An Important Shift, Most Hospitals Now Favor HIEs, Whatever Those Are

Posted on November 14, 2011 I Written By

Anne Zieger is veteran healthcare branding and communications expert with more than 25 years of industry experience. and her commentaries have appeared in dozens of international business publications, including Forbes, Business Week and Information Week. She has also worked extensively healthcare and health IT organizations, including several Fortune 500 companies. She can be reached at @ziegerhealth or www.ziegerhealthcare.com.

For quite some time — I’d estimate five years at least — health information exchanges were the dark horse of the health IT world.  A few successful ones emerged, but far more foundered, in many cases because hospitals involved couldn’t or didn’t want to share information. Today, on the other hand, everyone seems pro-HIE. The question is, is everyone even talking about the same thing?

These days, with the big bad government breathing down their neck, hospitals are scurrying to connect with HIEs. According to new data released by healthcare technology research firm CapSite, which surveyed about 340 hospitals on HIE adoption:

  • 74 percent either plan to buy new HIE solutions or already have them in place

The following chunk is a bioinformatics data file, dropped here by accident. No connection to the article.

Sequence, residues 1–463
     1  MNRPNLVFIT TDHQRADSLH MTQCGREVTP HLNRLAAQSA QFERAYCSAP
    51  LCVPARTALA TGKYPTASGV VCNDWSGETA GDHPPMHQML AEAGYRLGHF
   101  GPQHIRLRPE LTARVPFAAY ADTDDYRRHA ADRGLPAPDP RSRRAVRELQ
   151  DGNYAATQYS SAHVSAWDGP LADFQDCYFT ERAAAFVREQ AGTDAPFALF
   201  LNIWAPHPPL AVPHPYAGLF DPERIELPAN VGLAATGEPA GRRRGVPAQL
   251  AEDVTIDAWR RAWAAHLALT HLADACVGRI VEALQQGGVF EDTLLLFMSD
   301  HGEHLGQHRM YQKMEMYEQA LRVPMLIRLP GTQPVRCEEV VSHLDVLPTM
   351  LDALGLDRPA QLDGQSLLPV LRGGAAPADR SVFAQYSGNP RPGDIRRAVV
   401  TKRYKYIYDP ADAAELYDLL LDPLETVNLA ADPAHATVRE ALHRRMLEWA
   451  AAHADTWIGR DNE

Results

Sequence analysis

• 32 percent are already
  • 16 percent plan to engage a consulting firm to help move their HIE planning and vendor selection process ahead
Hospitals planning HIE tech investments were most interested in buying MPI/patient and provider indexes, immunization reporting and results reporting/delivery solutions, CapSite’s survey found.Now, these results aren’t incredibly definitive.

As an InformationWeek story on the study wisely points out, CapSite didn’t do much to narrow down its definition of an  HIE before people there did the research.

The thing is, just about any networking technology could be called an HIE if you try hard enough.  For example, here’s Chilmark Research’s definition:

A Health Information Exchange (HIE) is a technology network infrastructure whose primary purpose is to insure the secure, digital exchange of clinical information among all stakeholders that are engaged in the care of a patient to promote collaborative care models that improve the quality and value of care provided.

If that wasn’t vague enough for you, here’s what HIMSS has to say on the subject:

A health information exchange is the electronic movement of health-related information among organizations according to nationally recognized standards.

The real clincher, though, is the breadth of vendors CapSite included in its research. Check out this list:

Accenture, ACS, Allscripts, athenahealth, Bass & Assoc., Carefx, Cerner, Covisint, CPSI, CSC, CTG, dbMotion, Deloitte, Dell, Dr. First, eClinicalWorks, Epic, GE Healthcare, Healthland, HIMformatics, HP, ICA, InterSystems,  KPMG, McKesson, Medicity, Meditech, MedPlus, MEDSEEK, Microsoft, MobileMD, NextGen, Northrop Grumman, OptumInsight (formerly Axolotl), Orion Health, Prognosis, QuadraMed, RelayHealth, SAIC, Siemens 
All that being said, I’m happy to see additional data suggesting that hospitals are making HIE progress. Got a feeling 2012 is going to be a good year — for vendors at least.